Federal farm program limits would hit large farms growing cotton and rice harder than farms growing corn, soybeans, wheat or sorghum, according to a report released by the University of Missouri-Columbia.
“Strict payment limits could reduce national area planted to cotton by a half million acres and rice by 250,000 acres,” said Pat Westhoff, of the MU Food and Agricultural Policy Research Institute (FAPRI). He testified before the Commission on the Application of Payment Limitations meeting in Washington, D.C.
Imposing payment limits would create highly variable regional differences, Westhoff said. Nationally, payment limits would cut both the government costs and the payments to producers by about $430 million annually.
While the study considered implications of stricter limitations on farm program payments, it did not analyze any particular proposed legislation, Westhoff said. The stylized study assumed limits of $40,000 in direct payments, $60,000 in counter-cyclical payments and $175,000 in marketing loan benefits per farm operation.
The impact on acreage and on payments over the longer run would likely become smaller as producers made adjustments to their farming operations.
Based on a FAPRI baseline for commodity prices for 2004-05, 44 percent of the rice farms and 23 percent of cotton farms would have some payments limited if they did not change their operations to adjust to the assumed limits, Westhoff said. Those producers account for about 77 percent of the rice and 62 percent of the cotton grown in the United States.
If producers did not adjust, about 39 percent of the national rice crop would be ineligible for direct payments and 30 percent of the national cotton production would be ineligible for counter-cyclical payments.
In contrast, only 2 percent of corn and soybean farms would face payment limits. Those farms account for about 14 percent of the U.S. production.
Some changes in prices for cotton and rice could follow the shift in acreages. Prices could increase about 40 cents per hundredweight for rice and 1 cent per pound for cotton. Prices for other major field crops are marginally affected.
For crops other than cotton and rice, the net effect on planted acreage is small, Westhoff said. In Southern states there might be slight increases in crops such as sorghum and soybeans.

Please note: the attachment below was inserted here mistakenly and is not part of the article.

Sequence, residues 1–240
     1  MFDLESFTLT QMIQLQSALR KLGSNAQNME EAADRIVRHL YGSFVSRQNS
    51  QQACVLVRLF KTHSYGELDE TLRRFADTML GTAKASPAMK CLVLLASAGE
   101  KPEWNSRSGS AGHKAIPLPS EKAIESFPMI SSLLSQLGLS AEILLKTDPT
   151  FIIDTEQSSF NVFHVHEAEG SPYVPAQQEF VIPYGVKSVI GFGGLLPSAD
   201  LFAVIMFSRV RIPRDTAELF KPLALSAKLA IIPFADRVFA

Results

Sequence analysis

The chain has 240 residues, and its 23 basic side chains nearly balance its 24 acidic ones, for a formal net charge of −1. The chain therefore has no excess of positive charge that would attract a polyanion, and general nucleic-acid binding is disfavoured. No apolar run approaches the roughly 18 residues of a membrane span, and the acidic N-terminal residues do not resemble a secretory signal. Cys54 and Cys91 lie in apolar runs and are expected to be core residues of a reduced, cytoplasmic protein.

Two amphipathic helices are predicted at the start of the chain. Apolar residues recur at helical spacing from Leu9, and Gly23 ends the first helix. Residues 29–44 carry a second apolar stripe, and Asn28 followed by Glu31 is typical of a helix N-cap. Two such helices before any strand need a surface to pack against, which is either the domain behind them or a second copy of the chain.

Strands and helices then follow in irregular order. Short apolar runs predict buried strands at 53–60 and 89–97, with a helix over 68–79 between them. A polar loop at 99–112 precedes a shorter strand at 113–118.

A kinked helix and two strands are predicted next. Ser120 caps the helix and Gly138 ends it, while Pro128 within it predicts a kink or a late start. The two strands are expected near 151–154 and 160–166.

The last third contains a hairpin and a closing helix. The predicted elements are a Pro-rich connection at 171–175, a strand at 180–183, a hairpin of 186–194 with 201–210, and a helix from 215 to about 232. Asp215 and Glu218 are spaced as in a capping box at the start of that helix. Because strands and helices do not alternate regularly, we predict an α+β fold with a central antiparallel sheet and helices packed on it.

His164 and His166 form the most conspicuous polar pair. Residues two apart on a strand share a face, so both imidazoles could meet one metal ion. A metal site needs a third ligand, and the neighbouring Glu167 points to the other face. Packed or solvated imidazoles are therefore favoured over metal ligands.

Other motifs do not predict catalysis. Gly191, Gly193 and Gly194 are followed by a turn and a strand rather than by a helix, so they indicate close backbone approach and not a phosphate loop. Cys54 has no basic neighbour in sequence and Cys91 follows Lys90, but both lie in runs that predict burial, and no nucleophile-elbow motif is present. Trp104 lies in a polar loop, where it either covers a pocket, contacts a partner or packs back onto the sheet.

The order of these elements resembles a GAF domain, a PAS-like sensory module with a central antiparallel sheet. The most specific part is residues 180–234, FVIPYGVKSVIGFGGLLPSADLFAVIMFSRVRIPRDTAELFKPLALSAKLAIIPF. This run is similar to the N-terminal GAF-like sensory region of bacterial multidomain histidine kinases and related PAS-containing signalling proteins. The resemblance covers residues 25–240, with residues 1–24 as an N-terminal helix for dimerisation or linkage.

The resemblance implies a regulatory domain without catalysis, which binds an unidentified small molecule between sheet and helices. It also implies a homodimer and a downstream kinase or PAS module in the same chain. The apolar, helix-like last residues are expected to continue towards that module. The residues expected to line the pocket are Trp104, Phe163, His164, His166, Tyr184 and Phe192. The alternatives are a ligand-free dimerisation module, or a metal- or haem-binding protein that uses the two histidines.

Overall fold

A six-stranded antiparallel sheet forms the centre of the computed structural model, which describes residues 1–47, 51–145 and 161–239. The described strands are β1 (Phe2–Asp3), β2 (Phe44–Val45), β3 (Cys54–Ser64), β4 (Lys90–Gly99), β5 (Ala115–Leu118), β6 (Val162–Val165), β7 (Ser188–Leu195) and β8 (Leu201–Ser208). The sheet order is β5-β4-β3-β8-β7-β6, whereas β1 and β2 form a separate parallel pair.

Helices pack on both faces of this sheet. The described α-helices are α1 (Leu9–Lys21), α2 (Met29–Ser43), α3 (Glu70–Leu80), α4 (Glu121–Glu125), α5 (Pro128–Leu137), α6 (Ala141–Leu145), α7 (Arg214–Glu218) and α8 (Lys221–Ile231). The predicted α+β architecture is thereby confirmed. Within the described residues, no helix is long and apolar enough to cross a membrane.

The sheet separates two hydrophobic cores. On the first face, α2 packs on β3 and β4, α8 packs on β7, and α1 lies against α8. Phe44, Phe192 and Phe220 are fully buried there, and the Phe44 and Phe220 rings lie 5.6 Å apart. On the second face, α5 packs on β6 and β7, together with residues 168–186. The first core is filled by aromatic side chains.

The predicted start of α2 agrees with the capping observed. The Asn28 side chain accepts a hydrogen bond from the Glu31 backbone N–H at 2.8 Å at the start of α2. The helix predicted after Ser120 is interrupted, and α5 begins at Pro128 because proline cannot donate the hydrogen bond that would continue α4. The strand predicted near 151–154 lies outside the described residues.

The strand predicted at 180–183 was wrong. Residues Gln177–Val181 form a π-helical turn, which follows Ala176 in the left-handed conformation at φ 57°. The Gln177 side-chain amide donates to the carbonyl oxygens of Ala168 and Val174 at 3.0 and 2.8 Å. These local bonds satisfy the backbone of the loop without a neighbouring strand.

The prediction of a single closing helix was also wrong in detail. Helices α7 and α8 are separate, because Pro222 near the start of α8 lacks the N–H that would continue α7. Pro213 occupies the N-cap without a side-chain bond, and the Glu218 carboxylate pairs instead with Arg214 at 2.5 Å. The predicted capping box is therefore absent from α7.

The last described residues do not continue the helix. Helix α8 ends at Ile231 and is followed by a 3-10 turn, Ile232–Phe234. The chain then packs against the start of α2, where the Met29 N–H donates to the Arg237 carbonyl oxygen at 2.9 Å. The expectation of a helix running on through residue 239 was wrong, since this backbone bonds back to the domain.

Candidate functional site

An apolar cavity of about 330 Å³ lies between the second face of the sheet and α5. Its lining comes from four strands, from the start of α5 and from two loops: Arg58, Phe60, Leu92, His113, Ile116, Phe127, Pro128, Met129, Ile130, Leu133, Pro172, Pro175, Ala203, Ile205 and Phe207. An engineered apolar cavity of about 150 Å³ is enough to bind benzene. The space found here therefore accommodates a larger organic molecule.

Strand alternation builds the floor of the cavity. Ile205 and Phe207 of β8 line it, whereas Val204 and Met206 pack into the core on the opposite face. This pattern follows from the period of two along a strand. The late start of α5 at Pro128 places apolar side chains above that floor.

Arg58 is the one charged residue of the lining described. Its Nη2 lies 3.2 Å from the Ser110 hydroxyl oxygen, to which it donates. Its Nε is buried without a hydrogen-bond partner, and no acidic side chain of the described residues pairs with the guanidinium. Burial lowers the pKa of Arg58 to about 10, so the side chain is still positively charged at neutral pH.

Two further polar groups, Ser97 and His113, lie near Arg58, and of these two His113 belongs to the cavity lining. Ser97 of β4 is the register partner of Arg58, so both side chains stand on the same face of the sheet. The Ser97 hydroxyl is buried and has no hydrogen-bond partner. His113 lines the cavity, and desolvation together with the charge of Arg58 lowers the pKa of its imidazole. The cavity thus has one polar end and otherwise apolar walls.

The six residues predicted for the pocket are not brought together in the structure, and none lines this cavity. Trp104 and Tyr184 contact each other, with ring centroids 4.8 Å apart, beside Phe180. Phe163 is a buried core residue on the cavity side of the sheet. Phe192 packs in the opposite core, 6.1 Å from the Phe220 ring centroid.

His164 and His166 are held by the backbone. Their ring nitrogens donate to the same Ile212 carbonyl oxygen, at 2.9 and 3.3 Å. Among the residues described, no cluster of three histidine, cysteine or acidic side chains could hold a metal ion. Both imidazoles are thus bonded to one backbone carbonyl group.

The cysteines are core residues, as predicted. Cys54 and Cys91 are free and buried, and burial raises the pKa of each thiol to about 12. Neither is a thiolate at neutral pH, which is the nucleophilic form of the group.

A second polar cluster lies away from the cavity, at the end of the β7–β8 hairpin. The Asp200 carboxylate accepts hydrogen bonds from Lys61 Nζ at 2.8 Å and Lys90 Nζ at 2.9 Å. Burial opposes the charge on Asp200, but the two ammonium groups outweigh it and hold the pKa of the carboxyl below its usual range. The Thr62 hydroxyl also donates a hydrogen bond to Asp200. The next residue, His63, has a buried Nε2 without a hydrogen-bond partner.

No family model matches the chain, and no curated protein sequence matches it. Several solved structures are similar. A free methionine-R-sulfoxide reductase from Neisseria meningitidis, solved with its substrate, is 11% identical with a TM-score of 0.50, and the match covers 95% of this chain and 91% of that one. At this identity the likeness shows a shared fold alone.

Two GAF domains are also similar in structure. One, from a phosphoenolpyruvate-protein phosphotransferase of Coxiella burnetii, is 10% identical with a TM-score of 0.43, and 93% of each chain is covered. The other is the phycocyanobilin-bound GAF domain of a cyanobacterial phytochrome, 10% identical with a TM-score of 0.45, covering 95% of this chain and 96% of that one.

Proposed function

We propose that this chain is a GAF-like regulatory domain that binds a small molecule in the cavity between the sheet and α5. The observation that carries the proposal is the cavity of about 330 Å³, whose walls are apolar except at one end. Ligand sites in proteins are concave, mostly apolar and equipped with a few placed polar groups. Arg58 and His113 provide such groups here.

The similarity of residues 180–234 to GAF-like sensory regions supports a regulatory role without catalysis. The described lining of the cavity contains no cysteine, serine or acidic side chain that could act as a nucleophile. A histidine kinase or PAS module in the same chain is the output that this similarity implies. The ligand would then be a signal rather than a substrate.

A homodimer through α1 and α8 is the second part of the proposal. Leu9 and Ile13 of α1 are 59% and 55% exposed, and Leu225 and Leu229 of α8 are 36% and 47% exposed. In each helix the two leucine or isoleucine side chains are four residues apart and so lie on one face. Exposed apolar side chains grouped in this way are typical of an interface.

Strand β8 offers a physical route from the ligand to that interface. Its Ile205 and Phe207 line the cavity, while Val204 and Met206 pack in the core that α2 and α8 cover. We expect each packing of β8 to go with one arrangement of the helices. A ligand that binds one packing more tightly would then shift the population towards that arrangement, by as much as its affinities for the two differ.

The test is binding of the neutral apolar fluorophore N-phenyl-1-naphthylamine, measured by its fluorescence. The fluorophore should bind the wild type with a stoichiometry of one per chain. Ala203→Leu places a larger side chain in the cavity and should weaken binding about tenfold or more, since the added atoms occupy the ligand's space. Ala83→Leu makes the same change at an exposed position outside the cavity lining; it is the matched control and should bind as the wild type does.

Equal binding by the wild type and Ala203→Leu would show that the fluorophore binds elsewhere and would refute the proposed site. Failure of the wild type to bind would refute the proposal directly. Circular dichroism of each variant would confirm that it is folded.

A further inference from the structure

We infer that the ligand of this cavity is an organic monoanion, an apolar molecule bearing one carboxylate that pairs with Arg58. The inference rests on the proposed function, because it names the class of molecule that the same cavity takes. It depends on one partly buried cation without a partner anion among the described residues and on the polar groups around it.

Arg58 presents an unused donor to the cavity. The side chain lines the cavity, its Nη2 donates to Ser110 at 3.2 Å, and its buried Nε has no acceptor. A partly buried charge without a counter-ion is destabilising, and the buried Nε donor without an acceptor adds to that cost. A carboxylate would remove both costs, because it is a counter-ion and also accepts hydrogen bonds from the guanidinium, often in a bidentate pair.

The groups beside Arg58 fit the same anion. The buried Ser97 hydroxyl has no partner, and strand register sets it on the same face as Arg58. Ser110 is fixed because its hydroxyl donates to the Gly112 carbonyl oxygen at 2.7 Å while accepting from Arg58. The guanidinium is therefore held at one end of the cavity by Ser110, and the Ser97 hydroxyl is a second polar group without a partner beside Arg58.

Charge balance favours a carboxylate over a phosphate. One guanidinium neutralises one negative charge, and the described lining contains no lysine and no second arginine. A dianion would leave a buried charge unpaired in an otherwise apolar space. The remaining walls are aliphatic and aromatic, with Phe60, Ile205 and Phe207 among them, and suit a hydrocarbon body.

The acreage shifts are likely to be well within the bounds of annual crop acreage shifts. However, the changes might be concentrated in regions with large-scale operations and above-average production costs.
Landowners can also expect some changes in rental rates and land values under the payment limits.
“In areas where large-scale producers dominate and there are not major non-agricultural uses of land, the declines in rental rates and land values could be significant,” FAPRI reported. In areas of small-scale producers, the effect on land markets would be minimal.
Over the country as a whole, the decline in land values is estimated at 0.4 percent. That is consistent with an anticipated 0.5 percent reduction in estimated net farm income.
Overall, average annual net farm income between 2004 and 2012 would decline $238 million.
Westhoff noted that many more farms, which tend to be smaller, produce corn and soybeans than produce cotton and rice.
One difficulty in making this policy analysis is the fact that a single farm counted by the USDA Census of Agriculture is often organized as several business entities for purposes of government farm programs.
“It is hard to know exactly how any particular set of rules will affect the number of legal entities eligible for payments,” Westhoff said. “That makes it hard to know just how important any change in rules or dollar limits might be.”
Westhoff said the analysis on payment limits is one of the most difficult studies conducted by FAPRI, which provides independent policy analysis and price outlook information for the U.S. Congress.
Estimates of impacts are very sensitive to market conditions, Westhoff said. In times of low prices, marketing loan benefits and counter-cyclical payments are much larger than when prices are high. A fixed-dollar payment limit would affect more production when prices are low.
“The results are highly dependent upon the underlying assumptions,” Westhoff said. Because of the lack of data the analysts worked with farm census data from 1997, since the results of the 2002 census are not available. FAPRI did adjust the information from 1997 based on the trend in changes since the 1992 farm census.
The analysis did not look at specific legislation now being proposed, Westhoff said. “In assessing specific legislation, it would be especially important to evaluate the legal alternatives that producers would have to reorganize their operations so as to retain payment benefits.”
FAPRI does not have the legal resources to make that analysis, Westhoff added. “Experience suggests that producers will work hard to find ways to reorganize their operations to mitigate as many negative effects as possible from payment limitation rules.”
Duane Dailey is senior writer for Extension and Agriculture News at the University of Missouri.